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Woodbridge: Timing perfect for Alcaraz to dominate

  • Matt Trollope

With his resonant triumph at the Miami Open, Carlos Alcaraz looks set to wrest control of a men’s tour in an unusual state of flux.

So says Todd Woodbridge, who believes the 18-year-old Spaniard’s increasing success marks an exciting period for the sport – and comes at the perfect time.

Alcaraz has won 18 of his 20 matches in 2022 and is on the brink of the top 10 after capturing his first ATP Masters title last weekend, in the process becoming the youngest ever men’s champion in Miami.

He is surging at a time when question marks hover above all members of the vaunted Big Three as well as over members of the generations coming up behind them.

His electrifying game thrilled fans in Miami while generating almost unprecedented praise from both players and pundits.

"He definitely has an X-factor, but his timing couldn't be better,” Woodbridge told

“There have been some great young players who came through when you had Roger Federer, Rafael Nadal and Novak Djokovic at their best. So you had three game styles, and you had to beat all three to get to the top. Whereas now, there isn't as much to have to worry about with the top talent -- both his peer group, the generation above, and then the Big Three who have dominated.

“Alcaraz now has this window to be able to build his game, to be the dominant player. At 18, he's still maturing, he's still going to grow his game. Technically he's sound, he's going to get stronger. 

“He has a period of time now to be able to make his game style the best and the hardest to beat, and he's going to set the base platform of what this next generation of players is going to be playing like.”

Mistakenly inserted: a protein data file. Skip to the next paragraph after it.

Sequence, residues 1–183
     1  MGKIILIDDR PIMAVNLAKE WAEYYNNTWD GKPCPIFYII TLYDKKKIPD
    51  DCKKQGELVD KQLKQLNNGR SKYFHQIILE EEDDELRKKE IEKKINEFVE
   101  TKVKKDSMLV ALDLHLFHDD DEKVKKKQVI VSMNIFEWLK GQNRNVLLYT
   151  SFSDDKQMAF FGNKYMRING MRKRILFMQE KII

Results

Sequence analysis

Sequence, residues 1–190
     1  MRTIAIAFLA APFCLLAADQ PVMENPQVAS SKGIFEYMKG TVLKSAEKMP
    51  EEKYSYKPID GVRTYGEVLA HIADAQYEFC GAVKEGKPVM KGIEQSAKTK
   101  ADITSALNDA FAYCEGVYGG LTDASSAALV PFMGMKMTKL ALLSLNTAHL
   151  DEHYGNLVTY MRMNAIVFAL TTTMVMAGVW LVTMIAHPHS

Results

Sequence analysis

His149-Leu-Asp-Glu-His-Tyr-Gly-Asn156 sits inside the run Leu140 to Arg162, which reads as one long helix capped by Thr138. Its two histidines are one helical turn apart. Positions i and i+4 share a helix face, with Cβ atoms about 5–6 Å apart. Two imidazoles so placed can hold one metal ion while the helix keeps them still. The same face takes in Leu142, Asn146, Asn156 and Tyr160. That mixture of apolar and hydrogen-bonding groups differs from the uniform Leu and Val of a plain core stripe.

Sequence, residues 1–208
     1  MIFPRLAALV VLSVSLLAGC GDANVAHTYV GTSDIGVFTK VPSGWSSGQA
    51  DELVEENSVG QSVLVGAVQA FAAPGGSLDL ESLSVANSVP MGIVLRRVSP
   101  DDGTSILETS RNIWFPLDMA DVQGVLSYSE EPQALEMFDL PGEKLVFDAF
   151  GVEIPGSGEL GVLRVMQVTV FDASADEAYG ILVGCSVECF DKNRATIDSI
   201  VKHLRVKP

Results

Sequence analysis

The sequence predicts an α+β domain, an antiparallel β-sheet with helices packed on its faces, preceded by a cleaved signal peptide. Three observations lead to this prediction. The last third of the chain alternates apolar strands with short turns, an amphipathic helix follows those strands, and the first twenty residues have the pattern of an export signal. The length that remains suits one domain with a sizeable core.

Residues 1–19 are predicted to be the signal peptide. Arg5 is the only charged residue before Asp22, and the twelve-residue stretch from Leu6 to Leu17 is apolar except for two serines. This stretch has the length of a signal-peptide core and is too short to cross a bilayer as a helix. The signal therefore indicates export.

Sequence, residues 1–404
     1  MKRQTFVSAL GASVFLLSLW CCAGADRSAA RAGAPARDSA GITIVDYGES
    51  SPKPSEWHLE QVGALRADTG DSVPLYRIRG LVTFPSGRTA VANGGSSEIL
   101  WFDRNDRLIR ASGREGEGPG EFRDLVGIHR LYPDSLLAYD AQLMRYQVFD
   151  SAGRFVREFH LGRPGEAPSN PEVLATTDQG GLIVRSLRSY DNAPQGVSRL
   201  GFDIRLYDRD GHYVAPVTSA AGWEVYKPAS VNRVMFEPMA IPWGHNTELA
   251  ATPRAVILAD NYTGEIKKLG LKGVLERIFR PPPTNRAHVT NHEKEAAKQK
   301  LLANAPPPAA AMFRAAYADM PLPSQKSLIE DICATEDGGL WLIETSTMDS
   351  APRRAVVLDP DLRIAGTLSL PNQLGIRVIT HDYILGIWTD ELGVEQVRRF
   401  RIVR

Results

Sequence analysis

Like most others, Woodbridge is captivated by the progress of the new world No.11, who won the Miami title – his second trophy of 2022 – for the loss of just one set.

Carlos Alcaraz celebrates after beating Casper Ruud 7-5 6-4 in the final of the 2022 Miami Open. (Getty Images)

He is the latest in a long line of impressive talents to emerge on the men’s game in the past decade; Nick Kyrgios upstaged world No.1 Nadal to reach the Wimbledon quarters as a teenager, Dominic Thiem began contending for majors as a 22-year-old, and Alexander Zverev became the first player born in the 1990s to win an ATP Masters title. Last year, 20-year-old Jannik Sinner showcased prodigious ball-striking on his way into the top 10.

But Woodbridge believes Alcaraz is a different breed of rising star.

"It's his ability to keep winning. He’s 18-2 for the season. It is winning a Masters title. But it's not just one result – it's been that trajectory that we haven't really seen,” Woodbridge said. 

“(With other rising stars) we've seen an upward curve and then a plateau and then a little dip, before we've seen an upward curve again.

“Alcaraz is going to go and stay trending up. Rafa’s probably the last one to have done that, and then from my perspective it was Boris Becker who similarly burst onto the scene. Boris won a Slam very quickly after winning at Queen's Club. Rafa did the same in 2005, winning his first Masters titles (Monte Carlo and Rome) then turning up to Roland Garros and winning that.

“This is rarefied air Alcaraz has stepped into. So I think it's a really exciting time.”

Of course, Alcaraz has yet to emulate Nadal and Becker in quickly following a big breakthrough title with a Grand Slam triumph; Woodbridge says he will be watching keenly as Alcaraz continues to adapt to five-set tennis at major events. 

Indeed, all eyes will be on the teenager when he contests next month’s French Open; in his only previous main-draw appearance at Roland Garros, he reached the third round last year.

Such expectation and hype could understandably rattle a player – no matter how talented – yet Woodbridge believes Alcaraz has ticked all boxes necessary to give himself the best chance of success.

“The way he's competed on court has been robust, but behaviour has been exemplary. He's gritty, he's determined. Those attributes are all very important to creating that complete player,” Woodbridge said.

“He looks like he's watched Rafa and Roger and thought, 'that is the way I have to approach being the best player I can be'. 

"You look at the team around him, and (coach) Juan Carlos Ferrero is sound. It's no frills, it's hard work. The ethos that Juan Carlos had to get to world No.1 is what this kid likes, and sees, and is what's working.

“He just seems to be making good decisions at a young age. That's pretty exciting for the sport.”